If you're seeing this message, it means we're having trouble loading external resources on our website.

If you're behind a web filter, please make sure that the domains *.kastatic.org and *.kasandbox.org are unblocked.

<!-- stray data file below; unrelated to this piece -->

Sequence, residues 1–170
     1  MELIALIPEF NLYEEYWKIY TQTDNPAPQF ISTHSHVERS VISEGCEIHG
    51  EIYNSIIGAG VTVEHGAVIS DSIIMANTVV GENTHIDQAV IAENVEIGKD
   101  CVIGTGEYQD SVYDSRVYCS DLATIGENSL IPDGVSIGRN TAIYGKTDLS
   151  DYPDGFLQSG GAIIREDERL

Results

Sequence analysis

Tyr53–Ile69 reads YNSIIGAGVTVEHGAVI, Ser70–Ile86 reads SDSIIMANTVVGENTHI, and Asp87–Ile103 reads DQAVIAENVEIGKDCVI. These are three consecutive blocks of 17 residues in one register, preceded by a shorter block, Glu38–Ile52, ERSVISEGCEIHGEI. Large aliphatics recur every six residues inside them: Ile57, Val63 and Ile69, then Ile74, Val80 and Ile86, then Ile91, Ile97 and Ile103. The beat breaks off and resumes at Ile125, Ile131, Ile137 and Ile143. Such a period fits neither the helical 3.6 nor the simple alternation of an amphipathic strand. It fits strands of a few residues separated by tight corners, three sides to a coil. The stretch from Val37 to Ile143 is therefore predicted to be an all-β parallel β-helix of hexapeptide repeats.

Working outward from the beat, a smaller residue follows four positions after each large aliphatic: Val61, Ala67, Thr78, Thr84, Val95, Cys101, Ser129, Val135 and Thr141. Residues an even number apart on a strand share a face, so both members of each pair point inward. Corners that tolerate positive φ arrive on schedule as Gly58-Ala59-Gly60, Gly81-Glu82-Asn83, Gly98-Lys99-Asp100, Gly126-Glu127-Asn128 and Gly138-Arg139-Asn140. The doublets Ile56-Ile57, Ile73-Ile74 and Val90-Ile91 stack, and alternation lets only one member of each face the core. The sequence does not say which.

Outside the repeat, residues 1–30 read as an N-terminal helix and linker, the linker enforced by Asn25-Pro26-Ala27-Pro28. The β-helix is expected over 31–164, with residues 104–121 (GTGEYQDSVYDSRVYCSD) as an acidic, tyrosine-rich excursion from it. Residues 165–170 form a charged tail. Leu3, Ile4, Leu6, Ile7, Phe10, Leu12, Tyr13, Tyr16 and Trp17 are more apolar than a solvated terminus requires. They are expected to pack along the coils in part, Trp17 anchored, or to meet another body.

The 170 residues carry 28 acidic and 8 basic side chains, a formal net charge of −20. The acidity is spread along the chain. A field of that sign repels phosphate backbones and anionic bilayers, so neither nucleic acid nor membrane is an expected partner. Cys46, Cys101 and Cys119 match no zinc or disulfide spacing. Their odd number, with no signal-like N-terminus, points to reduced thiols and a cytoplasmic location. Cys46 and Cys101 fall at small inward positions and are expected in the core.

# Area between a curve and the x-axis: negative area

AP.CALC:
CHA‑5 (EU)
,
CHA‑5.A (LO)
,
CHA‑5.A.1 (EK)

## Video transcript